It’s an unusual situation. Which means businesses have struggled to adapt, operations have been slow to keep up, and people’s fears have naturally been triggered.

This combination of issues means it’s no surprise that business productivity has been negatively affected. After all, our current working from home space is not ideal. Many people are working from the kitchen table while also trying to home-school their children.

People who struggle with mental ill-health have been isolated from their loved ones and their support network, which means their productivity will be severely affected.

Many businesses have also been slow to adopt effective remote-working communication streams, which means things are easily missed, and projects start to slow.

Key Issues Around Productivity;

  • We are / have been in a ‘crisis’ state 
  • Business operations have been slow to adapt 
  • Workspace is not ideal for remote working / home working
  • Communication between teams is not as streamlined

Team Morale

graphic illustrating mental health data from covid-19

Morale impacts our productivity and our engagement. Even those who don’t usually struggle with any mental ill-health conditions will have been affected on some level. Being disconnected from loved ones, not being able to enjoy simple pleasures, and being in the same environment for long periods of time. It’s a real mental challenge.

Unfortunately, in our current society, getting support and help for mental ill-health can be difficult, and many businesses have still not taken the step to look at how they can support team members struggling with these experiences, let alone providing support to all team members who may now be finding this experience a severe challenge on their health and wellbeing.

Plus, we must not forget that it’s not just the mental impact this situation is having on us, but the financial difficulties people are going through. Many people are wondering how long they’ll be able to pay their mortgage for, or if they’ve been made redundant, how will they be able to find a job during these times?

Key Issues Around Morale; 

  • Little support already for those with existing conditions 
  • People are isolated, lonely, separated  
  • Financial worry is a contributing fact

How will things change post covid-19?

graphic illustration detailing the changes to company culture after covid-19

Remote & Flexible Working Will Increase

  • People don’t want to go back to the old way of work
  • Flexible working proposals will increase
  • Flexi office spaces will rise 
  • All sectors and industries will need to adapt
  • Keeping culture alive for those who are remote

You hear the buzzword ‘new normal’ everywhere at the moment.
Now that everyone has had a taste of what life is like without the ‘rat race’ we’re questioning why that way of working was ever effective in the first place.

Many people will no longer want to work long hours and miss quality time with their family.

People will no longer want to work long hours to jeopardise their health and wellbeing.

Without a doubt, there will be a rise in those requesting remote working and flexible working, and businesses will ultimately have to adapt.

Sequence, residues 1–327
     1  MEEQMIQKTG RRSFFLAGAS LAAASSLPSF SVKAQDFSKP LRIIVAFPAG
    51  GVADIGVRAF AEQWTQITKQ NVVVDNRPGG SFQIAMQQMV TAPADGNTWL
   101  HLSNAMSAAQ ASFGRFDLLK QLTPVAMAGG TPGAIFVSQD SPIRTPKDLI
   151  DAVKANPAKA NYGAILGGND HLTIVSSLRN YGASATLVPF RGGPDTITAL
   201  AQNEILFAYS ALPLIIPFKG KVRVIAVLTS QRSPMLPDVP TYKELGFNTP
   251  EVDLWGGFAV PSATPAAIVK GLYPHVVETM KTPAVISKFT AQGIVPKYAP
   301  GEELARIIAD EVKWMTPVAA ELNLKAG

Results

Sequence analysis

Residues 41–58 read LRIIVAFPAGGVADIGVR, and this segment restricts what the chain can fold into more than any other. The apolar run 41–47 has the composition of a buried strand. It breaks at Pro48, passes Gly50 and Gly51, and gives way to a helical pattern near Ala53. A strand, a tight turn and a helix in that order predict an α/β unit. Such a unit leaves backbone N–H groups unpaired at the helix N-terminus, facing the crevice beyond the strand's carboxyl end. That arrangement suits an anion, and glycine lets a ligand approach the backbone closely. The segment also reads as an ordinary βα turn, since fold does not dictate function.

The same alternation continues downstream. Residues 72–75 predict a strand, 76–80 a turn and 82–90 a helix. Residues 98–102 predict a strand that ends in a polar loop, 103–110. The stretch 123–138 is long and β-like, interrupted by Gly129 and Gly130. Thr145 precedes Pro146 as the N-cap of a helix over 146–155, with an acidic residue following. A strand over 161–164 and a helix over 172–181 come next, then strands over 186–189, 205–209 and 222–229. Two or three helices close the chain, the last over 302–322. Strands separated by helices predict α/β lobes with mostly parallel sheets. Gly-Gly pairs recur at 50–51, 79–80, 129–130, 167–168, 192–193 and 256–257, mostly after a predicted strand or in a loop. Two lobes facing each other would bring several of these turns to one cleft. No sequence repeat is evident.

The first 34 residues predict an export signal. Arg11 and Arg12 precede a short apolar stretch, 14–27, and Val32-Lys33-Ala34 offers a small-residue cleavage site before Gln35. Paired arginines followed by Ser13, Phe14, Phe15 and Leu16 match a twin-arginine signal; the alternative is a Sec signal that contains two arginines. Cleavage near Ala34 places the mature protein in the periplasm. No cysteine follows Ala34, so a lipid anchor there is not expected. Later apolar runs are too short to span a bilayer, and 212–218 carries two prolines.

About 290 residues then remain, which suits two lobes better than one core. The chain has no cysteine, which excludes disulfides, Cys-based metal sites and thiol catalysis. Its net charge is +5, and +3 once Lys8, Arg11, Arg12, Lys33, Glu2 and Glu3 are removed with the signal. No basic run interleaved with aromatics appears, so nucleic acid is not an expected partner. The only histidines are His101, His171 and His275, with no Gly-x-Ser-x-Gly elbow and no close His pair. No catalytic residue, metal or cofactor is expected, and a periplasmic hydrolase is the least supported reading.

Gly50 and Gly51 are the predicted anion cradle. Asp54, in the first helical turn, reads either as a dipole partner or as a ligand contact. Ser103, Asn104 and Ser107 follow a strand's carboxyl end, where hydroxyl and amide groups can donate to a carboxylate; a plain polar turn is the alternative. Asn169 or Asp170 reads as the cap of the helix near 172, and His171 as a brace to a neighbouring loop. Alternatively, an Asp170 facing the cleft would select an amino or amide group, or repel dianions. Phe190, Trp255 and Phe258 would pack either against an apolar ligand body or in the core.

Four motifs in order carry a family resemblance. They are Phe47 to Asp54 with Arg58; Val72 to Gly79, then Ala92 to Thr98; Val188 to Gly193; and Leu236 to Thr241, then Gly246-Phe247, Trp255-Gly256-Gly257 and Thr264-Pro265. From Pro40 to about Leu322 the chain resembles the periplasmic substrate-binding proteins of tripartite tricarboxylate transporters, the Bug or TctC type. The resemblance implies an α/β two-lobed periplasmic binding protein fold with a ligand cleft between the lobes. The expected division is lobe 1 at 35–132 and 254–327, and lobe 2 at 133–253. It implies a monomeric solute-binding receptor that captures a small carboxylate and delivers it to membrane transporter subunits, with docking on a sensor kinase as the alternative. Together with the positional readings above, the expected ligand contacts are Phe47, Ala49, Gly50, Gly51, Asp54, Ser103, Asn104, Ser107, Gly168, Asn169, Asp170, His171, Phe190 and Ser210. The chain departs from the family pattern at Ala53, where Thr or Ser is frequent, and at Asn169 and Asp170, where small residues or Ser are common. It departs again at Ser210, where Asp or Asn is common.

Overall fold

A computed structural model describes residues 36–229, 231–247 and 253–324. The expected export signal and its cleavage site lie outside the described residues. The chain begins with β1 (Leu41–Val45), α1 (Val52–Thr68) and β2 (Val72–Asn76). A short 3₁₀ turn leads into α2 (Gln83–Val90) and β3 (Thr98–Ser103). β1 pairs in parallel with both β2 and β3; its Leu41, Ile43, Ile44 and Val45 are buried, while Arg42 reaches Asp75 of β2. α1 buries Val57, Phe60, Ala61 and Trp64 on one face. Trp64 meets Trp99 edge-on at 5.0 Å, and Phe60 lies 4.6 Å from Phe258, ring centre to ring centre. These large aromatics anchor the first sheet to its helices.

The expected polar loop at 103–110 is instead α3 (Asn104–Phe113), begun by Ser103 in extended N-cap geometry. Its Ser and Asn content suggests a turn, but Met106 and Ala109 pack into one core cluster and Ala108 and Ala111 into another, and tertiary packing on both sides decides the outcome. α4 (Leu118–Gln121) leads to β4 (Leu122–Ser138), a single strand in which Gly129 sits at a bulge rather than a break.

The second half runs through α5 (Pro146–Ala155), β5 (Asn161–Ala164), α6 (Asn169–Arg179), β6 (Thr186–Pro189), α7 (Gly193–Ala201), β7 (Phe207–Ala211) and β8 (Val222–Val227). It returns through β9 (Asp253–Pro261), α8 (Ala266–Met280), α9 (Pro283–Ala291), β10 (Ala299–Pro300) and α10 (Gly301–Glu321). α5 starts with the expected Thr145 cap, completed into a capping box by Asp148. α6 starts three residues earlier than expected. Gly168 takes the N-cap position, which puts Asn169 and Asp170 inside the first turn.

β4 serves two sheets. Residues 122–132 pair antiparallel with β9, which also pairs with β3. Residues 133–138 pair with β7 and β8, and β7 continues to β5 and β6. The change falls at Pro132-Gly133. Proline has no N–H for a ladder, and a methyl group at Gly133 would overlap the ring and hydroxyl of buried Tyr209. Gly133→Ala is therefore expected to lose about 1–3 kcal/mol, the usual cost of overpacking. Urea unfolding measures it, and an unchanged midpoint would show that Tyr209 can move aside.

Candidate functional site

There is no common sense to working long hours any more. We now have the technology and the ability to be able to make our workplaces more effective and efficient no matter the hours we put in.

Virtual Leadership Will Become a New Challenge

  • Physically managing and leading people virtually will be a required skill 
  • Leaders must now grapple with being ‘seen’, engaging, supporting and trusting through virtual means, but not micro-managing

If more businesses do adopt remote working, virtual leadership will inevitably become a new challenge that organisations must face.
In our physical workspaces, it’s easy to ‘check-in’ on people and be seen. But when you take leadership to a virtual level, it actually becomes quite hard-work. You have to get the balance right between, being supportive and available, to not seen as micro-managing or distrusting.
This new level of leadership will require many traditional managers to be re-trained.

More People Will Exit

  • There will be an increase in new businesses (start-ups / freelancers) 
  • People will look to change careers / or switch companies entirely
  • Keeping people engaged and motivated will be a top challenge 

With job security coming into question, people may decide to leave organisations.
People’s drive will come from a need to take more control over their work-life balance and feel more in control of their financial outcome.
In the 2008-2009 recession, there was a huge surge in start-ups, and those are going self-employed, as people decided to take the opportunity to do something for themselves.
During the coronavirus pandemic, we will no doubt see a rise in small businesses emerge.

More Meaning Will Enter the Workplace

  • More organisations will support creating work/life balance 
  • Deeper connections and more meaningful relationships will be built
  • We will crave human-human to contact

During this time in lockdown, many of us have experienced the other side of our colleague’s lives. The children in the background, the partner, making them a tea, the cats trying to take over the keyboard and the dogs lovingly looking up at their owner. We’ve seen a glimpse into what matters to each other, something we often don’t see in the workplace.